Telescope to seek dust where other Earths may lie

January 22, 2015 by Whitney Clavin, NASA
The Large Binocular Telescope Interferometer (LBTI) instrument set its eyes on a dusty star system called Eta Corvi, depicted here in this artist's concept. Recent collisions between comets and rocky bodies within the star system are thought to have generated the surplus of dust. Credit: Large Binocular Telescope Observatory

The NASA-funded Large Binocular Telescope Interferometer, or LBTI, has completed its first study of dust in the "habitable zone" around a star, opening a new door to finding planets like Earth. Dust is a natural byproduct of the planet-formation process, but too much of it can block our view of planets.

The findings will help in the design of future space missions that have the goal of taking pictures of planets similar to Earth, called exo-Earths.

"Kepler told us how common Earth-like planets are," said Phil Hinz, the principal investigator of the LBTI project at the University of Arizona, Tucson, referring to NASA's planet-hunting Kepler mission, which has identified more than 4,000 planetary candidates around stars. "Now we want to find out just how dusty and obscured planetary environments are, and how difficult the planets will be to image."

The new instrument, based at the Large Binocular Telescope Observatory at the top of Mount Graham in southeastern Arizona, will obtain the best infrared images yet of permeating a star's habitable zone, the region around the star where water—an essential ingredient for life as we know it—could pool on a planet. Earth sits comfortably within our sun's habitable zone, hence its glistening surface of oceans.

Scientists want to take pictures of exo-Earths and break up their light into a rainbow of colors. This color information is displayed in plots, called spectra, which reveal chemical clues about whether a planet could sustain life. But dust—which comes from colliding asteroids and evaporating comets—can outshine the feeble light of a planet, making this task difficult.

"Imagine trying to view a firefly buzzing around a lighthouse in Canada from Los Angeles," said Denis Defrère of the University of Arizona, lead author of the new study that appears in the Jan. 14 issue of the Astrophysical Journal. "Now imagine that fog is in the way. The fog is like our stardust. We want to eliminate the stars with fog from our list of targets to study in the future."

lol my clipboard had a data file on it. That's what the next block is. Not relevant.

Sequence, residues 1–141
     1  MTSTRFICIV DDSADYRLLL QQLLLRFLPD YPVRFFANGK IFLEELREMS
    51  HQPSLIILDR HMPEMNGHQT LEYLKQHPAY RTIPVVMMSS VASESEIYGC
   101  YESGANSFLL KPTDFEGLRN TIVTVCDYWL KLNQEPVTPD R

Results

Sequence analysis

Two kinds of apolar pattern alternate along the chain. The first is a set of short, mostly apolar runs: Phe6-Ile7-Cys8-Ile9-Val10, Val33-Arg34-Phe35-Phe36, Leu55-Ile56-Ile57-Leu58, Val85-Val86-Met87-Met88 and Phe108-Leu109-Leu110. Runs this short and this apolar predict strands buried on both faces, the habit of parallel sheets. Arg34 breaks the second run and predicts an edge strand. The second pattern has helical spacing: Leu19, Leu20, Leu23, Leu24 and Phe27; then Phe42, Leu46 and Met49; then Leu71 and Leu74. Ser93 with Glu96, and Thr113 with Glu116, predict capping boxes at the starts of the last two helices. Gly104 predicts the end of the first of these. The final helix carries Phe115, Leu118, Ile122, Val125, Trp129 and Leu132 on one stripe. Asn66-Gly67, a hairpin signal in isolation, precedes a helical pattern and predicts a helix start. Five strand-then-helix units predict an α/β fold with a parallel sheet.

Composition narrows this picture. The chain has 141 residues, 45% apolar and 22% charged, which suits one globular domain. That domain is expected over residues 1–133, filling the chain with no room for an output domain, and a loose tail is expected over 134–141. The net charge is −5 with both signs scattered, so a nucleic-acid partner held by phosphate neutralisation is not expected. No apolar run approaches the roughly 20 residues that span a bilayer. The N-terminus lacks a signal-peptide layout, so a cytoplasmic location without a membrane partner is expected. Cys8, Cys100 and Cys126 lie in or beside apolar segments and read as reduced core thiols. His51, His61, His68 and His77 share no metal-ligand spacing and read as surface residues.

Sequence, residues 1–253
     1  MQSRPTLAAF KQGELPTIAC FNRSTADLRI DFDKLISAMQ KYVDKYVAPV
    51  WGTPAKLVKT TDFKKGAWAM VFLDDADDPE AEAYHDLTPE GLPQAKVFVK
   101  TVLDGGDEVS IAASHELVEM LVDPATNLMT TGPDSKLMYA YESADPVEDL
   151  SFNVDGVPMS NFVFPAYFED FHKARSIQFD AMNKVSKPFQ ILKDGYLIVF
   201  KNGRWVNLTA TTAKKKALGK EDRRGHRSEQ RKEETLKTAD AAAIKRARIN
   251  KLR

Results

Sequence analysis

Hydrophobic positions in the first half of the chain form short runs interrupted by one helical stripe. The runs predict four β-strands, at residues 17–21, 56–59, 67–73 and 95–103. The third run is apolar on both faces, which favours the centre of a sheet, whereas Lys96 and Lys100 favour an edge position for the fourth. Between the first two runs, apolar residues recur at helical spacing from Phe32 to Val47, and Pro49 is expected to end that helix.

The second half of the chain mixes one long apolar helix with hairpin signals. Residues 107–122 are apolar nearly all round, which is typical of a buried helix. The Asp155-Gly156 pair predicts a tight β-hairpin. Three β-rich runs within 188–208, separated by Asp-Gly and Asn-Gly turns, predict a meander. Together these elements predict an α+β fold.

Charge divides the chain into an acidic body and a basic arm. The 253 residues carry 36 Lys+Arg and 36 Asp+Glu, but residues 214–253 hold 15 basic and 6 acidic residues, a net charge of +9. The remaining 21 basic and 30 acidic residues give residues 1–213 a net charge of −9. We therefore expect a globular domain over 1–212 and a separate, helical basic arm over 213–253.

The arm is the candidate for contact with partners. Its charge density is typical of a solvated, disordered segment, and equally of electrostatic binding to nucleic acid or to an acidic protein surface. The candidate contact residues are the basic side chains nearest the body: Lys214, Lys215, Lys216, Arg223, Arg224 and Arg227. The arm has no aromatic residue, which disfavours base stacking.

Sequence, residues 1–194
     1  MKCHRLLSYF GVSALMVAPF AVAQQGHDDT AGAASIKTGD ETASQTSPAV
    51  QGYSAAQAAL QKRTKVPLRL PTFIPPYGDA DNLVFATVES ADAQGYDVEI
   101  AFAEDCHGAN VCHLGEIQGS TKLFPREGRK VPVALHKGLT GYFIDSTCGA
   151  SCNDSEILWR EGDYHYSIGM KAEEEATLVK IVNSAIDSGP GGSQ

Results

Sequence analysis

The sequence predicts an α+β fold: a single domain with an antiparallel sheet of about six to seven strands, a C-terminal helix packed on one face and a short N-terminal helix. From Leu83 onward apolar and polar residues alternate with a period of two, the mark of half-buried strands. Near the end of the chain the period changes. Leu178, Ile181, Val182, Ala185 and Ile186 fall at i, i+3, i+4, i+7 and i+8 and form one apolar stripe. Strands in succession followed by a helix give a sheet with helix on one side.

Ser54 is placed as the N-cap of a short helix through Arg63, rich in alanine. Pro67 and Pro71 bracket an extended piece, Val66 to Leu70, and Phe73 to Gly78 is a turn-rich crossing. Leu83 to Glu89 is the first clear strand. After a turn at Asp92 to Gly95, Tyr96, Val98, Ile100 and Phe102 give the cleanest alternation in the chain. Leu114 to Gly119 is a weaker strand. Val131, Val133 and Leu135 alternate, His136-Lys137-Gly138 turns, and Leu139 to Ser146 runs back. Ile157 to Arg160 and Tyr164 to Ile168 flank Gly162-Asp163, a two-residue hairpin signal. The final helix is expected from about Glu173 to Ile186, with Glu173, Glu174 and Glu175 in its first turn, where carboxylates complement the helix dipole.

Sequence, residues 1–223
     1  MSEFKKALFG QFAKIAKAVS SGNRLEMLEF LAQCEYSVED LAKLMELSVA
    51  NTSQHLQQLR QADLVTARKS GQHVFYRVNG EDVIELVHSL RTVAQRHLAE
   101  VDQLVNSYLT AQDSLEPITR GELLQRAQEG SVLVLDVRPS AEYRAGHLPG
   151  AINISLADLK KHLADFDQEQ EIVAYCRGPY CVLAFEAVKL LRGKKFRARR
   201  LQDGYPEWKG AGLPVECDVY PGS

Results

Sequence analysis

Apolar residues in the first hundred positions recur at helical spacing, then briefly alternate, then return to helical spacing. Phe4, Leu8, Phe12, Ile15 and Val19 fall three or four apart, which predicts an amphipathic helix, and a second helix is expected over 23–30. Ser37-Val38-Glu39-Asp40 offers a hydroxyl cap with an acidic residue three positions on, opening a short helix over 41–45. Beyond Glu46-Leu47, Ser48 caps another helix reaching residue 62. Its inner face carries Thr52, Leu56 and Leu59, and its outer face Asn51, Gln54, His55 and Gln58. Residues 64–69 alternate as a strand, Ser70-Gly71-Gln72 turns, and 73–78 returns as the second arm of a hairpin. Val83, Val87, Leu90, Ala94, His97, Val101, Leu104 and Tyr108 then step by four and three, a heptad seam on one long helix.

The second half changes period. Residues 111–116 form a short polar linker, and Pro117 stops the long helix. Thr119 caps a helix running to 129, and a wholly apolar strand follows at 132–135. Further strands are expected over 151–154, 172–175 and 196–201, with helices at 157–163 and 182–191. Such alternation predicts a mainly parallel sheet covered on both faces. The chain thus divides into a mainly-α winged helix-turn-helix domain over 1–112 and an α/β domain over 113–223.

This artist's conception illustrates a storm of comets around a star near our own, called Eta Corvi. Evidence for this barrage comes from NASA's Spitzer Space Telescope, whose infrared detectors picked up indications that one or more comets was recently torn to shreds after colliding with a rocky body. In this artist's conception, one such giant comet is shown smashing into a rocky planet, flinging ice- and carbon-rich dust into space, while also smashing water and organics into the surface of the planet. A glowing red flash captures the moment of impact on the planet. Yellow-white Eta Corvi is shown to the left, with still more comets streaming toward it. Credit: NASA/JPL-Caltech

A previous NASA project, called the Keck Interferometer, had a similar task of seeking out this dust, finding good news for planet hunters: The stars they observed didn't seem to be all that dusty on average. LBTI is taking the research a step further, more precisely quantifying the amount of dust around stars. It will be 10 times more sensitive than the Keck Interferometer, and is specially designed to target a star's inner region—its sweet spot, the habitable zone.

The new study reports LBTI's first test observations of stardust, in this case around a mature, sun-like star called eta Corvi known to be unusually dusty. According to the science team, this star is 10,000 times dustier than our own solar system, likely due to a recent impact between planetary bodies in its inner regions. The surplus of dust gives the telescope a good place to practice its dust-detecting skills.